John Koster’s August 13 column “Was this trip really necessary?” grossly distorts a broad swath of 20th-century history. Notwithstanding the German aggressions that led to World Wars I and II, Koster thinks both wars were “prompted in part by Churchill’s insatiable lust for personal glory.” Tellingly, he neglects to specify anything that Churchill did prior to World War I, and he glides over the fact that Churchill was out of power during most of the 1930s. Koster blames Churchill for the prolonged blockade against Germany as World War I ended, when in fact it was Churchill who, alone in the British Cabinet, argued for rushing ships loaded with provisions to Hamburg.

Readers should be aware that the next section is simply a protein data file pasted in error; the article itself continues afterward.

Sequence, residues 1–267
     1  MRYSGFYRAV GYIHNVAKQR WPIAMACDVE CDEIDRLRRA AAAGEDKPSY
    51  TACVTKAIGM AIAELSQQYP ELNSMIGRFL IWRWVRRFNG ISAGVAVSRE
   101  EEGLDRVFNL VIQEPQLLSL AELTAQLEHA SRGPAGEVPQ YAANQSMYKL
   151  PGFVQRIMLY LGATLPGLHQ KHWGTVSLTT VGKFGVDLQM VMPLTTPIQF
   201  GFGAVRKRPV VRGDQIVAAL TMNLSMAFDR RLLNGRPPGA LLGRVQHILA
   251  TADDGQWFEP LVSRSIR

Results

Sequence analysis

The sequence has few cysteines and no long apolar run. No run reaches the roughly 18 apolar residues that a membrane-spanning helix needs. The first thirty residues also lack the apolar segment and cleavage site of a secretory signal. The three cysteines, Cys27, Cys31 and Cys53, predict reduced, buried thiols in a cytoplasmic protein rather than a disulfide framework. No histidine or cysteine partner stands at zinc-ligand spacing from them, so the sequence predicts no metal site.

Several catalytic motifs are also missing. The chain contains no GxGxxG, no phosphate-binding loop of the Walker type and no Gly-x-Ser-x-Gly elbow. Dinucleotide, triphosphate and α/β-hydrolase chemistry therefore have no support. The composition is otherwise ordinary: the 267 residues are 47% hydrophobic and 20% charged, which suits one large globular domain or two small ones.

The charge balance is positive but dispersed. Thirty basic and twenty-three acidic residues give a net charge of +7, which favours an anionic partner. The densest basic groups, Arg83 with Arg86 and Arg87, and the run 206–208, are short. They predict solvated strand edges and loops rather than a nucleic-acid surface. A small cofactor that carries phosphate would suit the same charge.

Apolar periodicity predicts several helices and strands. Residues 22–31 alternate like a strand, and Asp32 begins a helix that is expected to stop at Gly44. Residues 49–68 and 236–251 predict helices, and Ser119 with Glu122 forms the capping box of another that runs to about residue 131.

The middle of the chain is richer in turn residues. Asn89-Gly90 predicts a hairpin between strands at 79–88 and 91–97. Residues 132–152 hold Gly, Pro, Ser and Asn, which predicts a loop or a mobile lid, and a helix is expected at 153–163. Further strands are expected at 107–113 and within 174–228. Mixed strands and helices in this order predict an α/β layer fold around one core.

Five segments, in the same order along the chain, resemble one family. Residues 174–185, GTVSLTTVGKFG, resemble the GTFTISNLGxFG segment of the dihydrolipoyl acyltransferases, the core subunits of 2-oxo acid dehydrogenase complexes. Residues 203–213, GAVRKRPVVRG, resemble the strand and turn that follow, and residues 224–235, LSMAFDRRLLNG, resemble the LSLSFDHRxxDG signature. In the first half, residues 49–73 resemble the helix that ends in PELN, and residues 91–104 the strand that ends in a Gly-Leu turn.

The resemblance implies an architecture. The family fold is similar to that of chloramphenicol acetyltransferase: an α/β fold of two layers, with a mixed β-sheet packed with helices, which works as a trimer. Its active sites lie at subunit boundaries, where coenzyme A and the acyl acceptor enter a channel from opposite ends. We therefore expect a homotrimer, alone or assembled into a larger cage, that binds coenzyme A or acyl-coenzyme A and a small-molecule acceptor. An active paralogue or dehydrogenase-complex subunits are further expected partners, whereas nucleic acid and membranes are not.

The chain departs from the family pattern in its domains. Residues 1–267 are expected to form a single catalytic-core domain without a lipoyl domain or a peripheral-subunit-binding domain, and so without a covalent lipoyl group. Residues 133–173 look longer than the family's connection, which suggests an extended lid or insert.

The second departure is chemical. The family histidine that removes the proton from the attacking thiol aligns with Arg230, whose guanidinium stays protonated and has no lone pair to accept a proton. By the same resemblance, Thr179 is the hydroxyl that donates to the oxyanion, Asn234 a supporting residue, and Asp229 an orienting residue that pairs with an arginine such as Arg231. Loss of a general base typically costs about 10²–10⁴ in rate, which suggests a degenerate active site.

In the run-up to World War II, if Churchill’s anti-appeasement advice had been followed, the war may well have been prevented; German officers were ready to overthrow Hitler in 1935 if the Allies resisted his remilitarization of the Rhineland. Nor is it plausible that Churchill “shrugged off” the Soviet massacre of Polish officers, when in fact he was the Allied leader most determinedly opposed to Soviet domination of Eastern Europe. At the end of his essay, Koster throws in an irrelevant swipe against Charles Darwin, perhaps just to show that no illiberal conceit is too inane for Koster’s embrace.